Biden Administration Issues New Executive Order Requiring Project Labor Agreements
On February 4, 2022 in Upper Marlboro, Maryland, President Biden signed an Executive Order requiring the use of Project Labor Agreements (PLAs) on federal construction projects above $35 million. The construction projects to which the Order applies include “construction, reconstruction, rehabilitation, modernization, alteration, conversion, extension, repair, or improvement of buildings, structures, highways, or other real property.” The Administration stated that the Executive Order could affect as much as $262 billion in federal government construction contracting. This new Executive Order is only applicable to federal procurement.
The Executive Order states that “in awarding any contract in connection with a large-scale construction project, or obligating funds pursuant to such a contract, agencies shall require every contractor or subcontractor engaged in construction on the project to agree, for that project, to negotiate or become a party to a project labor agreement with one or more appropriate labor organizations.” Pursuant to the Order, the PLA’s must “allow all contractors and subcontractors on the construction project to compete for contracts and subcontracts without regard to whether they are otherwise parties to collective bargaining agreements” and contain guarantees against strikes, lockouts, and similar job disruptions; set forth effective, prompt, and mutually binding procedures for resolving labor disputes arising during the term of the project labor agreement; provide other mechanisms for labor-management cooperation on matters of mutual interest and concern, including productivity, quality of work, safety, and health; and fully conform to all statutes, regulations, Executive Orders, and Presidential Memoranda.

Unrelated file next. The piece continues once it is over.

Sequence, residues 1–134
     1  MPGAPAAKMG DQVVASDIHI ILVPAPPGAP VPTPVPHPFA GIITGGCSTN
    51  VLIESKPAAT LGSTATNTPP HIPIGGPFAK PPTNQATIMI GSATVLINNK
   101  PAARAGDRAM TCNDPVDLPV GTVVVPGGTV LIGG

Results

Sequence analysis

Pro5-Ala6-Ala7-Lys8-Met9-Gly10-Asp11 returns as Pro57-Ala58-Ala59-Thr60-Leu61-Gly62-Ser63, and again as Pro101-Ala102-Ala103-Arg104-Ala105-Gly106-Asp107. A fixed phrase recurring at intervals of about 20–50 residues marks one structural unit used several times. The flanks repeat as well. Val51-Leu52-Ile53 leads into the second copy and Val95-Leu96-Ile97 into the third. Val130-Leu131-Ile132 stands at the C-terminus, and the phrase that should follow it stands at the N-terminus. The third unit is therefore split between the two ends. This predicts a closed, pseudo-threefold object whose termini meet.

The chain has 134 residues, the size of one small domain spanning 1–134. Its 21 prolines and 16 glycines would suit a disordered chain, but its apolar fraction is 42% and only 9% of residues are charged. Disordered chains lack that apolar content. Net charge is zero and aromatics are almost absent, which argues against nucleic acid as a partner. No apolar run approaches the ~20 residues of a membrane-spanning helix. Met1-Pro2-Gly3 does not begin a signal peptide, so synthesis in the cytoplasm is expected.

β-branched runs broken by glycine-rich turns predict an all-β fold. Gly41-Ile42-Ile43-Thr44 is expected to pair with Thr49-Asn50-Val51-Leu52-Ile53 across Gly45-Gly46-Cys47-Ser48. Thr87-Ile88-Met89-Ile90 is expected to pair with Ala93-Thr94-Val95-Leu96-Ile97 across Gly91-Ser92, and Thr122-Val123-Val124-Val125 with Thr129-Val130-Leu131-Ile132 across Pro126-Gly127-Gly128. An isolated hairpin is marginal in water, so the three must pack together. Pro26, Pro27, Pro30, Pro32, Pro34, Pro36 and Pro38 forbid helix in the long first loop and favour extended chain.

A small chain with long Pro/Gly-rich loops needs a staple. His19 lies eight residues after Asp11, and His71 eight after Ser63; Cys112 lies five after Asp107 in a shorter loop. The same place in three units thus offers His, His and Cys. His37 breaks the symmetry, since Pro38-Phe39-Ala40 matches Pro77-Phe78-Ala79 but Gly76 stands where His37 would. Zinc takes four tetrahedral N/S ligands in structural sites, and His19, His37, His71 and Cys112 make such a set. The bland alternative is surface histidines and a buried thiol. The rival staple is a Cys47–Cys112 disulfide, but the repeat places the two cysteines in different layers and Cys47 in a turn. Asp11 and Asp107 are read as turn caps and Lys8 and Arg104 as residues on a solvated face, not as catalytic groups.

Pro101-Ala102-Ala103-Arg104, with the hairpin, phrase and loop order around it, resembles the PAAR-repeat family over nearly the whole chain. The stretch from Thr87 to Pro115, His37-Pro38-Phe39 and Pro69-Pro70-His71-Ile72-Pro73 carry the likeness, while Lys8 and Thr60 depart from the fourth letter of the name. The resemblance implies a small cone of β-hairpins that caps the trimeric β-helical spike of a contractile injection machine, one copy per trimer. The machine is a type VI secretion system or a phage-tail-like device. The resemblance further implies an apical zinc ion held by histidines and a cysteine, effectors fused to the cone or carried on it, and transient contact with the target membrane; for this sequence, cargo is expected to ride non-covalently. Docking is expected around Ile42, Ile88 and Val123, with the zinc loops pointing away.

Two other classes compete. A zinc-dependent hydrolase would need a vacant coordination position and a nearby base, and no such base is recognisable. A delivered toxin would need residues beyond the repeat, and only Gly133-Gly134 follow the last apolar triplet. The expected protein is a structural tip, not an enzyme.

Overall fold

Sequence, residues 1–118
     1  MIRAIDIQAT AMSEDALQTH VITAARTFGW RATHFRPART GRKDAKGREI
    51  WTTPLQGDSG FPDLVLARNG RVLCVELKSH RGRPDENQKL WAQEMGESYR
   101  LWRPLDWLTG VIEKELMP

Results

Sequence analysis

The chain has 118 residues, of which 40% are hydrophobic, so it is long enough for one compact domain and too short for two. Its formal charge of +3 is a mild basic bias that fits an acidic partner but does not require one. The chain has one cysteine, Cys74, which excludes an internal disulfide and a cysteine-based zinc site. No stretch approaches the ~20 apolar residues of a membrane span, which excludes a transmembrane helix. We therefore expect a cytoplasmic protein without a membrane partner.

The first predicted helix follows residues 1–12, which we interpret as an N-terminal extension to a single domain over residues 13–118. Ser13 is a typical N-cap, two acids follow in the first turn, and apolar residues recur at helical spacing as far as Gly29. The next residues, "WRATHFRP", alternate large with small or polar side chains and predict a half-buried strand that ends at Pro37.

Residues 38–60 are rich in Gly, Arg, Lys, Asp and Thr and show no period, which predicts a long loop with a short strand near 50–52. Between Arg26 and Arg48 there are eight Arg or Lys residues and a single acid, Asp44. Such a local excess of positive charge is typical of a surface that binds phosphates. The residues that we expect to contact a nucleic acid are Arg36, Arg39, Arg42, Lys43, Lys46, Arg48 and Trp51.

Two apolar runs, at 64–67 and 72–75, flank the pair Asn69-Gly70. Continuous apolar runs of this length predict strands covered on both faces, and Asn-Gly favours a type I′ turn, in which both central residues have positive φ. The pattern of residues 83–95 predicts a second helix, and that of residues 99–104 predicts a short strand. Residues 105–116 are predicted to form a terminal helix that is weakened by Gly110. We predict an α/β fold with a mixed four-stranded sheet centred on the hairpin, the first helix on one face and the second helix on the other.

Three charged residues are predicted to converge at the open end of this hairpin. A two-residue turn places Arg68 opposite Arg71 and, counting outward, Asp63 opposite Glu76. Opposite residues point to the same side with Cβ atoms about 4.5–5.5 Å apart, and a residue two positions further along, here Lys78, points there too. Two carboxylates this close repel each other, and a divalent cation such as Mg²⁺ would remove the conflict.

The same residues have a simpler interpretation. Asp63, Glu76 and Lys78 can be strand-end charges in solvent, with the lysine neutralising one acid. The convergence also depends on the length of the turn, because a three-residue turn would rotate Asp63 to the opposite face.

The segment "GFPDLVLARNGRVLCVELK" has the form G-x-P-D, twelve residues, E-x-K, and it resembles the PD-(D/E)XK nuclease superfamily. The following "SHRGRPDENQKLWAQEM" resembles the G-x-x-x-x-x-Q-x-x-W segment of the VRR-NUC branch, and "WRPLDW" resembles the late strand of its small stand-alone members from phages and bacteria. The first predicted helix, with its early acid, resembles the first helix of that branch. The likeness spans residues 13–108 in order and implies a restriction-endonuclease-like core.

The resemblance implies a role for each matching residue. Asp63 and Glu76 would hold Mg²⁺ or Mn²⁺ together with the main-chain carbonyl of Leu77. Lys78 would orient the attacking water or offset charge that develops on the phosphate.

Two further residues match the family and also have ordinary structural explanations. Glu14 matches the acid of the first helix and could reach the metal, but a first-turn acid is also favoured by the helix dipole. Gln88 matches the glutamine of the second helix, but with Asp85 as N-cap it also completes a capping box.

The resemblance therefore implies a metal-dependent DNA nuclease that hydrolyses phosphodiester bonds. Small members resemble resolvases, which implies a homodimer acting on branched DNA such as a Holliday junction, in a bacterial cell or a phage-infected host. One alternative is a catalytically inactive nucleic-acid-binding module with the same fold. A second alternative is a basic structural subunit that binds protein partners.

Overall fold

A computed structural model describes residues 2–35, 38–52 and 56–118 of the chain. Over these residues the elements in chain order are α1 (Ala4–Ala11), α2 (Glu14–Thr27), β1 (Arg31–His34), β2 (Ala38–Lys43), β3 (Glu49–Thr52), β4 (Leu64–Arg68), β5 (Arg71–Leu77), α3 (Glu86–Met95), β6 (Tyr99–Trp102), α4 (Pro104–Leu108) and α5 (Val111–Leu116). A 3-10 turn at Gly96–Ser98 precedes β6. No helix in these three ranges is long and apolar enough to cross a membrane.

The Executive Order does allow for exceptions under certain circumstances. A “senior official” within an agency may grant an exception from the requirements of the Order for a particular contract for one of the following reasons: (1) A PLA would not advance the Federal Government’s interests in achieving economy and efficiency in Federal procurement because the project is of short duration and lacks operational complexity; the project will involve only one craft or trade; the project will involve specialized construction work that is available from only a limited number of contractors or subcontractors; or the agency’s need for the project is of such an unusual and compelling urgency that a project labor agreement would be impracticable; (2) Based on an inclusive market analysis, requiring a PLA would substantially reduce the number of potential bidders so as to frustrate full and open competition and (3) Requiring a PLA would otherwise be inconsistent with statutes, regulations, Executive Orders, or Presidential Memoranda.
The Executive Order became effective immediately and also revokes prior Executive Order 13502, which was issued on February 6, 2009 by President Obama addressing federal procurement PLA’s If you need any assistance with this new Executive Order or Project Labor Agreements please contact any of our attorneys in the Labor & Employment, Government Contracts or Construction practice groups.